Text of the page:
It was an eloquent and powerful speech. But Barack Obama’s inspirational oratory left one fundamental question unanswered, at least for this white American – although judging by the reactions I’ve been hearing on local radio, for many others, as well.

A pastor is not a relative. The thing with relatives is we don’t choose them. They just are.

Pastors and places of worship don’t work that way. You choose where you go. You listen and decide. You’re not born into a church, or if you are, you’re free as an adult to choose a new location, if not a new faith.

If Barack Obama heard the anger in his pastor’s voice, why did he stay?

If he didn’t hear the anger, was he not listening?

If he was listening, why didn’t he speak up?

The answer, I think, is that he did. Speaking up is what he is doing in running for president. Offering a different approach than his pastor to the injuries of race and class is what his campaign is actually about. But he has to make that connection. There’s still a step he needs to take.

It is clear that this church and this pastor have played an important role in Barack Obama’s development as a black American. The son of a white mother, raised by white grandparents, the church clearly became a version of the black family he didn’t grow up in. The church, and his life inside it, is part of the answer to the question that used to be posed of whether he was black enough, an inartful way of asking whether he understood what it meant to be black, whether he understood the injuries of race.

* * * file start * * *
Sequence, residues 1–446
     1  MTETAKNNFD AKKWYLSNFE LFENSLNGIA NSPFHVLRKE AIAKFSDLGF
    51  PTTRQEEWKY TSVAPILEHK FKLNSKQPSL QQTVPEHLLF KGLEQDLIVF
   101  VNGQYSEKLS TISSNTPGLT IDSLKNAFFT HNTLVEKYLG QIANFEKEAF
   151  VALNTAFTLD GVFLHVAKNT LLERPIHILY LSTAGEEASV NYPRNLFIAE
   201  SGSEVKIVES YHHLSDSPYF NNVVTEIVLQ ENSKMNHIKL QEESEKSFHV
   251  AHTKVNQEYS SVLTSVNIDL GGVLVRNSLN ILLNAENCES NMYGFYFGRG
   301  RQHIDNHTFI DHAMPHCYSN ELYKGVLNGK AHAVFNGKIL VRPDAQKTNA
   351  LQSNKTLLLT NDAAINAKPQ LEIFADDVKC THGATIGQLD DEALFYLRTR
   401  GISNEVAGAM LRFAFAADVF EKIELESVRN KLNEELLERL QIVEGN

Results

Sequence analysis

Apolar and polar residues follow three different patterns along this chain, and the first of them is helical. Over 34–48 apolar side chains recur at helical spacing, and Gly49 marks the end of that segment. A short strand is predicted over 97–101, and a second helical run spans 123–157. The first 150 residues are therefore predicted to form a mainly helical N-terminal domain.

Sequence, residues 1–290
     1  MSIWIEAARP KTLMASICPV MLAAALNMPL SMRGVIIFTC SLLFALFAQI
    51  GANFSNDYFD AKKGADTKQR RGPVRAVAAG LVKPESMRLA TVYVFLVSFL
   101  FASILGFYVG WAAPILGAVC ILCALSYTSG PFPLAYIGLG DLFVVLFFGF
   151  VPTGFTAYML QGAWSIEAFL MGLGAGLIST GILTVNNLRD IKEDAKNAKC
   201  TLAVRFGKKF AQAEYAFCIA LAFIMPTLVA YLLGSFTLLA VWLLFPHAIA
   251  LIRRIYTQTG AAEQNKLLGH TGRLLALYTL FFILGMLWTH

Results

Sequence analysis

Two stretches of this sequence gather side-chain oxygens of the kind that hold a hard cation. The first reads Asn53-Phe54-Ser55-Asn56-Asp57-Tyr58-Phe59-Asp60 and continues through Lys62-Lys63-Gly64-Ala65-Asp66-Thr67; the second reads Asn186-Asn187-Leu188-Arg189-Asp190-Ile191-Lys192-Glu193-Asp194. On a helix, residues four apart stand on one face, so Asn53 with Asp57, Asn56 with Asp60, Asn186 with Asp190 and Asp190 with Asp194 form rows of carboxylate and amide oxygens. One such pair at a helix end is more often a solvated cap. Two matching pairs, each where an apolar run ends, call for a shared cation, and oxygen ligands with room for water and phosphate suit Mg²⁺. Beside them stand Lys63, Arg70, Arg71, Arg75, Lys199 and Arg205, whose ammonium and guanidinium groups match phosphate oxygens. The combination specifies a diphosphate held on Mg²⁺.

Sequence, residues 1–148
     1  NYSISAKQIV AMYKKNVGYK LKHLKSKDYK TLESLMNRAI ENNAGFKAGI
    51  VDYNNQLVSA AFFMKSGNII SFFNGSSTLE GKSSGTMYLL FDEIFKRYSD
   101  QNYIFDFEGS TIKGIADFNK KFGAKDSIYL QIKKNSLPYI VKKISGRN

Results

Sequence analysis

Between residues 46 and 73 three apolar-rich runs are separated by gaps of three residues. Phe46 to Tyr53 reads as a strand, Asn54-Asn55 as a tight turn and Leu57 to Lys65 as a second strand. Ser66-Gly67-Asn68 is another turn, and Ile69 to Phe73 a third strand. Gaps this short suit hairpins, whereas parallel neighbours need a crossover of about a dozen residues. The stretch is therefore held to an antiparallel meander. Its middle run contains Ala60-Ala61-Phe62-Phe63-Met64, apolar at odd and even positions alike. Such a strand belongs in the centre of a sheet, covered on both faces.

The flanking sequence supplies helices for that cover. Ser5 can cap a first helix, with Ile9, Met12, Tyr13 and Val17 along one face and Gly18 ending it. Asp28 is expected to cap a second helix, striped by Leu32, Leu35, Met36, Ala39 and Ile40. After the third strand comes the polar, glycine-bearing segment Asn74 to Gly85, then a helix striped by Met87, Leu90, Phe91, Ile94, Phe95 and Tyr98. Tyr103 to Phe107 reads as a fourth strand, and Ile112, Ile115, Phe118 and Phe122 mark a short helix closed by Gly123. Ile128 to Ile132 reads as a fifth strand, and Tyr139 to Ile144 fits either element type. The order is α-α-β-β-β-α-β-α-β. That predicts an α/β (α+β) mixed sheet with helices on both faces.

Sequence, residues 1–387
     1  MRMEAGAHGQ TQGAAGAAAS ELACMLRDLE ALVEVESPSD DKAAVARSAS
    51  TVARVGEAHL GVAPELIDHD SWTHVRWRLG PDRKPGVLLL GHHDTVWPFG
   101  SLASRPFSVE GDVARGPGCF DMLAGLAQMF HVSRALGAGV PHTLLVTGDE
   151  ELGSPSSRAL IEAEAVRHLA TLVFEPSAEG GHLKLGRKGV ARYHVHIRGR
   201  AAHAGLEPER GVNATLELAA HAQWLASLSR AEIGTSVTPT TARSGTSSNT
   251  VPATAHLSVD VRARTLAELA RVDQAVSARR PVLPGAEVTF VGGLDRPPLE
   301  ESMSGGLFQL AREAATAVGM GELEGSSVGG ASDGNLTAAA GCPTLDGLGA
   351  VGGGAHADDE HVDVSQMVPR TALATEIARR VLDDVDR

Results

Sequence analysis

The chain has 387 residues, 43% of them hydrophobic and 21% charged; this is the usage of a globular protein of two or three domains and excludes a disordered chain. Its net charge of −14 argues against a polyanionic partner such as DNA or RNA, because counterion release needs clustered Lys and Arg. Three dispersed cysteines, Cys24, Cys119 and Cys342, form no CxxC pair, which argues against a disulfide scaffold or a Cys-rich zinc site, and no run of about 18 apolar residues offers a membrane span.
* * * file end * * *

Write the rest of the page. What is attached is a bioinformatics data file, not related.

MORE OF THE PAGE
That is clearly why the church was so important to Obama that even now he views his pastor as the uncle with whom he might disagree, but would never disown.

But if the church taught him about the pain and injuries of race, made clear what it was like to grow up on the wrong side of every line dividing privilege and access from poverty and denial, what it, and its minister, did not teach him was how to deal with those injuries. His minister’s response has been, as all the awful excerpts reveal, tinged with bitterness, anger and resentment. His minister has embraced the very victimization and demonization that Barack Obama, in his speech yesterday and in his campaign at its best, has denounced.

The case for Barack Obama, and ultimately he has to be the one to make it, is that there is a different answer to the injuries of race than the one his pastor offered to their congregation. The answer is not to denounce America, but to embrace it, not to embrace victimization, but to denounce it.

Barack Obama doesn’t want to denounce his pastor, his uncle, but in a way, he already has, both by running for president and by the way he has run. He just needs to say that loud and clear, and not because whites want him to, but because his failure to do so obscures a strength of his campaign for which he deserves credit.

Susan Estrich is a syndicated columnist and author.

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